Checking math homework with F# by Mark Seemann
Teaching my daughter F# while checking her math homework.
My daughter Linea is 10 years old, and I've been looking for ways to make programming relevant to her. Last year, I discovered that her math homework was beginning to include simple functions, although they weren't called that. Instead, they were verbal assignments like: "for each of the following numbers, multiply the number by 3, and subtract 2." Still, it got me thinking whether Functional Programming would be a relevant introduction to programming.
In vacations, we've been doing a bit of F# programming, and I actually got so far as to help her implement FizzBuzz in F#. Still, I was struggling with coming up with a continuing set of small problems that would enable us to progress.
Until yesterday, that is. Linea actually likes doing her math homework, but she always wants me to check it for her. This is something I'm already using some time at, but suddenly I realized that we could do it together - in F#! She would have to check her results by typing in each question, and learn F# as we go along.
This makes F# relevant to her, and being the lazy programmer that I am, I'm at the same time trying to teach her a few shortcuts we can take here and there. Here's a scan of a small part of her homework:
The Danish text basically says: multiply the numbers. As you can tell, Linea first did her homework the old-fashioned way, filling the numbers into the table. Then we sat down to check her work with F#. Here's a copy of the part of tonight's F# Interactive (FSI, a REPL for F#) session related to that table:
> let m9 x = 9 * x;; val m9 : x:int -> int > m9 12;; val it : int = 108 > m9 20;; val it : int = 180 > m9 22;; val it : int = 198 > let m11 x = 11 * x;; val m11 : x:int -> int > let input = [9;12;20;22;30];; val input : int list = [9; 12; 20; 22; 30] > Seq.map m11 input;; val it : seq<int> = seq [99; 132; 220; 242; ...] > List.map m11 input;; val it : int list = [99; 132; 220; 242; 330] > input |> List.map m11;; val it : int list = [99; 132; 220; 242; 330] > input |> List.map m11 |> List.sum;; val it : int = 1023 > List.map m9 input;; val it : int list = [81; 108; 180; 198; 270] > input |> List.map m9;; val it : int list = [81; 108; 180; 198; 270] > input |> List.map m9 |> List.sum;; val it : int = 837 >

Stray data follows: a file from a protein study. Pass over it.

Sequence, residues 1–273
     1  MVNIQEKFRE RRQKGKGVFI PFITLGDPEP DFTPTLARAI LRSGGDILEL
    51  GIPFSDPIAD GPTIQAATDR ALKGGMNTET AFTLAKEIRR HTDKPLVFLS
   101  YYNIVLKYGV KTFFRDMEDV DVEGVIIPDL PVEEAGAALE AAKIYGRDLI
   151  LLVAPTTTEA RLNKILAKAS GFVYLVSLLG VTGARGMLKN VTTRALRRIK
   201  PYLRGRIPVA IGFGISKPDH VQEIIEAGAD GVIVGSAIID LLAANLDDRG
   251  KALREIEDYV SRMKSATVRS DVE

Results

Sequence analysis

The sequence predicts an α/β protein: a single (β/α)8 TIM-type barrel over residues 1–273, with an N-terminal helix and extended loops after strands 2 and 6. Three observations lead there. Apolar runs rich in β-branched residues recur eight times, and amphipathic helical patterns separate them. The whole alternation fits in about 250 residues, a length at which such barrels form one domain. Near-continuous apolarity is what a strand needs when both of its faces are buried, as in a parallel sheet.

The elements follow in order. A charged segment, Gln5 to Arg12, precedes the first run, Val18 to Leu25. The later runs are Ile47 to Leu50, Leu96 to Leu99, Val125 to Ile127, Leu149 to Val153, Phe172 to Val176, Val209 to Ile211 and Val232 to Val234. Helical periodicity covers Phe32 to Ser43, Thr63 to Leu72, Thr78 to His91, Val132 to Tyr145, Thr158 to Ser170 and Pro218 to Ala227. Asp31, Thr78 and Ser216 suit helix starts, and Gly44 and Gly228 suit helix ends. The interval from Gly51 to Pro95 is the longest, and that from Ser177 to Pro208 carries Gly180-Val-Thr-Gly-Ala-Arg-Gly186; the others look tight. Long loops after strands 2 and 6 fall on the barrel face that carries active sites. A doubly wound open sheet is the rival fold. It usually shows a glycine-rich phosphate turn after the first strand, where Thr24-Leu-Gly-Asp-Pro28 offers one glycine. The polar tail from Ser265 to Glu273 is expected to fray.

As you can tell, Linea first created a function (m9) in order to multiply a number with 9. This is the function form I've taught her back when we were doing FizzBuzz. You could write it more succinctly as
let m9 = (*) 9, but I didn't want to confuse her :)
She evaluated the first row in the table using the m9 function one cell at a time, but when it came to the next row, I decided to teach her about List.map. First, I had her create a list (input) of all the column head numbers from the table. Then I taught her to invoke the map function with the input and her m11 function. As you can see, first I had her use the imperative function call style she already knew, and then I had her use the pipe operator. That gave us a list with all the results for the last row of the table, and we could now compare the list with her homework to confirm that her results were correct.
If you look at the table, you'll see that the last column is called tjek (check), and contains a pre-populated sum the pupil can use to check whether her homework is correct. I wanted Linea to use F# to calculate the sum to confirm that everything indeed adds up correctly, so I introduced her to List.sum, and how she could further pipe her result list into the sum function, to get the sum. As you can see from the FSI session, she did that for both rows.
Obviously, I helped her here and there, but she picked up some of the concepts quite easily, and was altogether happy about our session. She felt that she learned a bit of F#, and she could relate to the work we did because she likes math already.
My purpose of posting this was to share the idea of using F# (or another programming language) to teach kids programming. While you could use other languages, I find F# a good fit because its syntax is close to the math syntax Linea learns in school, and she doesn't have to relate to a lot of curly brackets and parentheses. Additionally, the FSI makes this kind of ad hoc work easily approachable.